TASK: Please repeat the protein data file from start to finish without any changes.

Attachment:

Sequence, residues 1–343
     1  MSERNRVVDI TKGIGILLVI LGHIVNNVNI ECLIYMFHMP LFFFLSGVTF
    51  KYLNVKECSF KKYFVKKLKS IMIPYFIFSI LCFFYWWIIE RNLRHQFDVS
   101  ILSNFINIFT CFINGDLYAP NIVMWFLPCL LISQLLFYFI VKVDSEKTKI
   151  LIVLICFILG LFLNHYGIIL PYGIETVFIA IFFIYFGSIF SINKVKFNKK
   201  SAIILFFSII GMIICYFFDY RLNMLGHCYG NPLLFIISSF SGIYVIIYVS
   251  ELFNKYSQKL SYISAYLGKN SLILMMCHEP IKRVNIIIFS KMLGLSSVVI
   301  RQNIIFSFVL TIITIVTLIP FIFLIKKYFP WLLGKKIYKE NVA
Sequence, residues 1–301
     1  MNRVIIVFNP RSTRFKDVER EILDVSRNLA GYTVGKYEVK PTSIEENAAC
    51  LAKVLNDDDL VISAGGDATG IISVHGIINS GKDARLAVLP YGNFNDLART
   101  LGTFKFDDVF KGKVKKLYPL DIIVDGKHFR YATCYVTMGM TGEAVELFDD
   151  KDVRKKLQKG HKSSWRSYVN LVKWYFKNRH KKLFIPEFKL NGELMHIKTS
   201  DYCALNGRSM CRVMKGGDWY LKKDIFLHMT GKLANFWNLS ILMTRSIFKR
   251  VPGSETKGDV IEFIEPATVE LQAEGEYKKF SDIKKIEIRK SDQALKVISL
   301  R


Sequence, residues 1–343
     1  MSERNRVVDI TKGIGILLVI LGHIVNNVNI ECLIYMFHMP LFFFLSGVTF
    51  KYLNVKECSF KKYFVKKLKS IMIPYFIFSI LCFFYWWIIE RNLRHQFDVS
   101  ILSNFINIFT CFINGDLYAP NIVMWFLPCL LISQLLFYFI VKVDSEKTKI
   151  LIVLICFILG LFLNHYGIIL PYGIETVFIA IFFIYFGSIF SINKVKFNKK
   201  SAIILFFSII GMIICYFFDY RLNMLGHCYG NPLLFIISSF SGIYVIIYVS
   251  ELFNKYSQKL SYISAYLGKN SLILMMCHEP IKRVNIIIFS KMLGLSSVVI
   301  RQNIIFSFVL TIITIVTLIP FIFLIKKYFP WLLGKKIYKE NVA
Sequence, residues 1–301
     1  MNRVIIVFNP RSTRFKDVER EILDVSRNLA GYTVGKYEVK PTSIEENAAC
    51  LAKVLNDDDL VISAGGDATG IISVHGIINS GKDARLAVLP YGNFNDLART
   101  LGTFKFDDVF KGKVKKLYPL DIIVDGKHFR YATCYVTMGM TGEAVELFDD
   151  KDVRKKLQKG HKSSWRSYVN LVKWYFKNRH KKLFIPEFKL NGELMHIKTS
   201  DYCALNGRSM CRVMKGGDWY LKKDIFLHMT GKLANFWNLS ILMTRSIFKR
   251  VPGSETKGDV IEFIEPATVE LQAEGEYKKF SDIKKIEIRK SDQALKVISL
   301  R